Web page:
Again, not showing up so well but a perfect match. I was planning to go to another big yarn fest next weekend but now I don't have to, and I suspect it would be rather more sensible financially if I did not.

In other news, I bought two sizes of, um, sock-friendly dpns. And a drop spindle. Heaven help me.

Friday, April 17, 2009

More on circular knitting with straight needles

I figured it out! after leafing through The Principles of Knitting again. Boy am I going to miss that doorstop when it goes back to the library.

If you want to knit in the round on straight needles, what you need are double-pointed needles. (which begs the question - why not just knit in the round on that set of dpns? and suggests the answer: because you've mislaid all but three of them.)

Cast on as many stitches as you need for the full round - for the purposes of this discussion, we'll say that's 20 stitches. Then - unless you want a sealed edge at the bottom, in which case get straight on to working one stitch and slipping the next with the yarn held in front - slip the first 10 stitches, as if to purl, onto a separate dpn. Now fold the work so that the two needles and all their stitches are parallel to each other.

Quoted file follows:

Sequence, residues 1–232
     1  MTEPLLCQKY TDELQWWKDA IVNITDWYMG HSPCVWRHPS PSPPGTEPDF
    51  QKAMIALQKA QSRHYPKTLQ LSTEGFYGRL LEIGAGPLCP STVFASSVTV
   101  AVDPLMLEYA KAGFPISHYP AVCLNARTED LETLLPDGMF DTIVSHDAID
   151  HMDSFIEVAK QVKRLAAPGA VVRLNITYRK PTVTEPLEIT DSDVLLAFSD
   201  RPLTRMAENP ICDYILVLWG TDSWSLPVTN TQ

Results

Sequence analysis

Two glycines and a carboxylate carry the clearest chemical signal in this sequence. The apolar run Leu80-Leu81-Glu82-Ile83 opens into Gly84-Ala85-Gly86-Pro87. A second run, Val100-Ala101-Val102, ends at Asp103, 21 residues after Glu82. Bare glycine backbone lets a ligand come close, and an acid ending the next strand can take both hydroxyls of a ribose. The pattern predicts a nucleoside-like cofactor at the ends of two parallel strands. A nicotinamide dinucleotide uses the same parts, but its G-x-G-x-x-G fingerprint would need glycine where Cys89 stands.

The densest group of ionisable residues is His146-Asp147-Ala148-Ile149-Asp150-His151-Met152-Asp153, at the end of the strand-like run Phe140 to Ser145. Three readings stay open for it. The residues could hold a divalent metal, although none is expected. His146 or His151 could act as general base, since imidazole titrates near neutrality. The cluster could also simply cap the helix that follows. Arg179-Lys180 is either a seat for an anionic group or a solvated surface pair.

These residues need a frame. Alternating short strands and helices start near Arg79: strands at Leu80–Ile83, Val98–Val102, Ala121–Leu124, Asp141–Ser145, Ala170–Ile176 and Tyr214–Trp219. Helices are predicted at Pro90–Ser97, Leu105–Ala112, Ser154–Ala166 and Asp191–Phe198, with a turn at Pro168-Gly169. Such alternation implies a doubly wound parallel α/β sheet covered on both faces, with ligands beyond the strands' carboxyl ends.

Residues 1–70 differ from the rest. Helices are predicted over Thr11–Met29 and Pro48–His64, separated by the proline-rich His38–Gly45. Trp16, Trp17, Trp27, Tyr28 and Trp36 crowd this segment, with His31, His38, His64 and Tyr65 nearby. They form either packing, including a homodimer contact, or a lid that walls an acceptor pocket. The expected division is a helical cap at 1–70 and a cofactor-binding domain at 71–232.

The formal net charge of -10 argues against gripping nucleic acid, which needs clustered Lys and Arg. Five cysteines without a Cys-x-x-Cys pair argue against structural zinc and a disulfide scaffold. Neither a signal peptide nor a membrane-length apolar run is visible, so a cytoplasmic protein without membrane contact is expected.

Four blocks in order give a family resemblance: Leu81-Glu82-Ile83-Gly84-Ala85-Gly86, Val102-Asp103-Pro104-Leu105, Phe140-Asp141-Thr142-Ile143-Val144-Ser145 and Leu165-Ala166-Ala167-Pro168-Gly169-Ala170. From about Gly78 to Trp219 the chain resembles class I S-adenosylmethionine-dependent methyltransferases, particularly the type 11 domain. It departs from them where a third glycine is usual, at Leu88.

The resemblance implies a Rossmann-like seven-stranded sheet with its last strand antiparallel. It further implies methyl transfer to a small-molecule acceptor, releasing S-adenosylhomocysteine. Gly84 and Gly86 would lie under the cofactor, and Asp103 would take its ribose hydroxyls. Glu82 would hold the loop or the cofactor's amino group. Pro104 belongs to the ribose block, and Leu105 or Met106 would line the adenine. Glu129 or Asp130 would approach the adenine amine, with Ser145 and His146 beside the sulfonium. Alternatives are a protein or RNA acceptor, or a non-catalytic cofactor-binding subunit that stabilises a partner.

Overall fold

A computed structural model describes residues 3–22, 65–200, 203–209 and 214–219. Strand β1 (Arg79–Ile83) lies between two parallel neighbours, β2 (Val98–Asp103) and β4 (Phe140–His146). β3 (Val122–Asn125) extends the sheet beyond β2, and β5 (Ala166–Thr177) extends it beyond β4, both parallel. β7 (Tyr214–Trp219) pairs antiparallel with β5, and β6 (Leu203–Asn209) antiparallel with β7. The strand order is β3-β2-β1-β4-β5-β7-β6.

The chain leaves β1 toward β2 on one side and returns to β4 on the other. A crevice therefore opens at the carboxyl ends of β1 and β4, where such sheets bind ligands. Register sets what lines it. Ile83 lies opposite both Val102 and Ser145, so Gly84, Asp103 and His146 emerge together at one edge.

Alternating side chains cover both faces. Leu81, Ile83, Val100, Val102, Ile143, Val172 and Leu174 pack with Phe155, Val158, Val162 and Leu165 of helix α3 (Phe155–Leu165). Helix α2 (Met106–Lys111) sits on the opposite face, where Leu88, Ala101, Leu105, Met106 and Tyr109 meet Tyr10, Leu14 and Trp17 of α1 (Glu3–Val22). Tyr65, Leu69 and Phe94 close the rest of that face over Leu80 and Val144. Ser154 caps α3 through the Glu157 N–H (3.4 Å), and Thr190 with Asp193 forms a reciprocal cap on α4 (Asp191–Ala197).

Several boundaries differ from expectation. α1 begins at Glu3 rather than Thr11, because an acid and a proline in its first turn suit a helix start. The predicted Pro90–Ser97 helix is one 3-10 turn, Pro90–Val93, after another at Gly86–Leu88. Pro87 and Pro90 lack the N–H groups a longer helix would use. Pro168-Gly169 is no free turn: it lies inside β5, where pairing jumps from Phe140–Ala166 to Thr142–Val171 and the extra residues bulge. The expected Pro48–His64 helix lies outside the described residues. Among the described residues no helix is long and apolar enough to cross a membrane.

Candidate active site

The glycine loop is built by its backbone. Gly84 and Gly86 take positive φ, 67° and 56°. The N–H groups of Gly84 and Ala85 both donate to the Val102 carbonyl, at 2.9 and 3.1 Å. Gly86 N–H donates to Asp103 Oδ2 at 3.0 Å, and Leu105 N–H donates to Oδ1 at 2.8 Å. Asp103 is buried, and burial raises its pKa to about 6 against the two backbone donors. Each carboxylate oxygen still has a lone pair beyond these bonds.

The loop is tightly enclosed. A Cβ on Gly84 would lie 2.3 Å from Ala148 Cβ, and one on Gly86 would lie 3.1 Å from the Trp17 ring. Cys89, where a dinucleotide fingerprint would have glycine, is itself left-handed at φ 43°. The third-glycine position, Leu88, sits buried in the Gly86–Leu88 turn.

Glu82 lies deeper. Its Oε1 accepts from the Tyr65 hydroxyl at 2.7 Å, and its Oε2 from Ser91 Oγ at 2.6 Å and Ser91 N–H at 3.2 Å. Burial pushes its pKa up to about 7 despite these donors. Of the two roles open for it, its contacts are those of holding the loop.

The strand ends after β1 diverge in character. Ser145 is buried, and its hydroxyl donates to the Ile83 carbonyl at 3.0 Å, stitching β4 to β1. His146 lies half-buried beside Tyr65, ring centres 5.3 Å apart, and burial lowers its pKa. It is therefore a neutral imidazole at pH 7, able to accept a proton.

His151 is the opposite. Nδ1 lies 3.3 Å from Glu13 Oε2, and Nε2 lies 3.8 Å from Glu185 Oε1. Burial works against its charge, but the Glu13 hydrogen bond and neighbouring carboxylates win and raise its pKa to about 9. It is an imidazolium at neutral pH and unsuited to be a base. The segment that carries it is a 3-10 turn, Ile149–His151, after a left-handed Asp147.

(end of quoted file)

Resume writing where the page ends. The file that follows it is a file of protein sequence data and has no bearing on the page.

Work the first stitch from the near needle onto a third dpn, and then, with the yarn held in front, slip the first stitch from the back needle onto a third dpn as if to purl it. Work the next stitch from the near needle and again, with yarn in front, slip the next stitch from the back needle onto the third dpn. Keep going until all the stitches are on the third dpn and then turn the work.

Now it's time to work what will prove to be the other half of your first row, by working the stitches that were slipped before and slipping the ones that were worked already. Just as on the first side, you're holding the yarn in front for every slipped stitch.